5. Not quite the hole proverb, but in the years I was developing software, and, so, looking for bugs, a personal proverb of mine evolved. Maybe this fits. If the problem ain’t where you’re looking then it’s where you ain’t looking.

  6. Pam, I read The Stand twice, the first version at 800+ pages and then I bought the uncut version at 1300+ pages.

    After reading the 2nd uncut version I couldn’t imagine reading it without the 500 additional pages. It was my favorite book for years until Diana Gabaldon and Rosina entered my life (I didn’t like the movie though, but I’m weird like that).

    Rosina I remember that scene and I agree, I could only hope if presented with this obstacle that my man would be with me, since he is a lot braver than me and would feel compelled to jump right in.

    One of my favorite sayings is, “your way is obviously not working for you, so just try another, you never know” (something like that).

  7. Thanks for the tip Robyn – I knew it was a serious paper weight, but 1300? Sheesh. I think I’ll plan to read it during our long Canadian winter.

  8. Intriguing! Based on the earlier maps, Paradise has expanded south and east of the Wilde place. The new school house must be Daniel’s. A number of new names. I didn’t realize the Todd and Middleton places were uphill of Paradise.
    Two well houses for Mayfair? Is that a red herring? Where’s their outhouse?

    How do the Cunninghams and Oxley’s, etc. get to their properties?

    I LOVE maps.

  9. Well thank you for sharing all of this with us. Shame Anna had to die, tell me is Jemima coming back? Maybe I should read the map before asking these questions, but I’m curious when it comes to that little um vixen :D

    I’m stuck between not being able to stand the wait and glad for it simply because it means the story is not over yet. Can you make this one a huge book with lots of pages and small writing. Just so it can last longer.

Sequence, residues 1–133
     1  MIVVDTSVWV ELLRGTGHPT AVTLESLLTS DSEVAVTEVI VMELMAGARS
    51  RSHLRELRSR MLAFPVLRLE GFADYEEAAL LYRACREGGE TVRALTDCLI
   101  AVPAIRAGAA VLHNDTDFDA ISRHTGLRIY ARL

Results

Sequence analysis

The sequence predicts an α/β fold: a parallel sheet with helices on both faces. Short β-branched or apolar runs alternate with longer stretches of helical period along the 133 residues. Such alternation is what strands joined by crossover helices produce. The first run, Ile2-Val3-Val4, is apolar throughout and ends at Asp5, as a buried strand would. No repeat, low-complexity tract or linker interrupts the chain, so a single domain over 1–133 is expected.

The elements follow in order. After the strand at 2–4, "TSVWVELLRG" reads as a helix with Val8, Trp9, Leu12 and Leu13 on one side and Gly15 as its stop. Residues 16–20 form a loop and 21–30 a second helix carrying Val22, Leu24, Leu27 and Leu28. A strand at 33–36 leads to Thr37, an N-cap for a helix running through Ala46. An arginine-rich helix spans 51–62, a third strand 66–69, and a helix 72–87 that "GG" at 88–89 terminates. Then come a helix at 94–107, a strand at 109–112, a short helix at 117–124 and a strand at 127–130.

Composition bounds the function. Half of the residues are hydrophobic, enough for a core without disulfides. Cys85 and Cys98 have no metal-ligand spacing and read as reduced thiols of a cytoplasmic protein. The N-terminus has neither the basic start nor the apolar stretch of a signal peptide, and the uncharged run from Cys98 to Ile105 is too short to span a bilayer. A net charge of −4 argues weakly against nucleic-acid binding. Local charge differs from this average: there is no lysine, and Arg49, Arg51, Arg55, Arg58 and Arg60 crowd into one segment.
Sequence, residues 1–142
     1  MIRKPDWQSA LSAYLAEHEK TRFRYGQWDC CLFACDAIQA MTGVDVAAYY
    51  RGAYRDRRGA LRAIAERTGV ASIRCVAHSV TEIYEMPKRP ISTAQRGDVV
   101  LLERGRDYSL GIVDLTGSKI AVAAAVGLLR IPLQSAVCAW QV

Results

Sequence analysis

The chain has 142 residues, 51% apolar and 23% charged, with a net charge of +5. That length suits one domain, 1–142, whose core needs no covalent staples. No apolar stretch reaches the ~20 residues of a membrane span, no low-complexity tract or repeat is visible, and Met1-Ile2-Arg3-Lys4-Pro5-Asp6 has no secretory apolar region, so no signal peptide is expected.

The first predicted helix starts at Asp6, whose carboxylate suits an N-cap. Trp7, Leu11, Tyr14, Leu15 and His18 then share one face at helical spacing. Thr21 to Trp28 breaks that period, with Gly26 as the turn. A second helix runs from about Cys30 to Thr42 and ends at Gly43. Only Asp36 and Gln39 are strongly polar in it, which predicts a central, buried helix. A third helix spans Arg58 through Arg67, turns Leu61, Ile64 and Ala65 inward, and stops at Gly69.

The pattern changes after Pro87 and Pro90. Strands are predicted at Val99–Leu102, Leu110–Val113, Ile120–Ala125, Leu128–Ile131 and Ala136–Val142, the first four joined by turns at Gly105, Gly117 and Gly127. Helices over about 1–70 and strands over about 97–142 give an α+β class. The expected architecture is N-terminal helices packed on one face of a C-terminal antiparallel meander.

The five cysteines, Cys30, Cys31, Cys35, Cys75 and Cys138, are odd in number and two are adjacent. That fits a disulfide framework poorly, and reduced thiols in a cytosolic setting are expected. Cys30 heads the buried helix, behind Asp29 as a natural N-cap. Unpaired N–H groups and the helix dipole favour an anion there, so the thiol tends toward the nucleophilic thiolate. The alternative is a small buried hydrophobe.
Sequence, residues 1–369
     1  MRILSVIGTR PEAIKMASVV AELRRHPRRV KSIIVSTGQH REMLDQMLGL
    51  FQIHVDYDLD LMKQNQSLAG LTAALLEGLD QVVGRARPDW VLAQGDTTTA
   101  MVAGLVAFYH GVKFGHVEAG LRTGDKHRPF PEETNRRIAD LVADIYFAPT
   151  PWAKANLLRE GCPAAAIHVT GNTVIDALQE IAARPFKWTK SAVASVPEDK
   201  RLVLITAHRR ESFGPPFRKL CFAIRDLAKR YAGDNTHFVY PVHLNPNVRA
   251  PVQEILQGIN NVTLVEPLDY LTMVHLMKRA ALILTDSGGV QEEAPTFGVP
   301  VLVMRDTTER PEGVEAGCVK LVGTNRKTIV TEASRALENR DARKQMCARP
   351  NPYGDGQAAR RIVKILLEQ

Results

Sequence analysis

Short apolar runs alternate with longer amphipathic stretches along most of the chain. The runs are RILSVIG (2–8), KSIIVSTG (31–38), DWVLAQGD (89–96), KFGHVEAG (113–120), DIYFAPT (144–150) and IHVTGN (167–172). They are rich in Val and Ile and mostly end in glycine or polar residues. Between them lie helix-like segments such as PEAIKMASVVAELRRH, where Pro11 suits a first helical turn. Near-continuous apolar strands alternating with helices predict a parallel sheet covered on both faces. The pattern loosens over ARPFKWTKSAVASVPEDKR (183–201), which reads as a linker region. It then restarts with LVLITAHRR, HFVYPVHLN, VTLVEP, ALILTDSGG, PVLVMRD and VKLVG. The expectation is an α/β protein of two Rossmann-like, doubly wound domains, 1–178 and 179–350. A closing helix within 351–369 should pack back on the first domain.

10. I love the visuals, especially the photo. I’ve always had this kind of sixth historical sense, if you will, where I can visit a place like that and really FEEL the people that used to live there, and part of that comes across even with a photo. What a great way to inspire your writing.

  11. This is so fascinating! I lvoe maps and the history of the places therein. I have to remin myself that this is fiction!

    Thank you for the tips and teasers!

  12. Thanks for the map. I’m another that loves them.
    It didn’t enlarge very well on my computer – is that an inn I see before me? Oh I imagine what fun and games will ensue from that, though I kind of liked it when people used to gather round Anna’s hearth for a drink and chat.
    I’m really pleased that the Mayfairs will have representation in Paradise. I really loved their characters in Queen of Swords and it will be good to keep up with what has been happening in their lives too.
    I still want to know more about what happened to Hawkeye. Please. If it’s possible.

  13. Now if you could provide a written inventory of all the contents in the Bonner household, that would be greatly appreciated. :) I’m sure you’ll get right on that.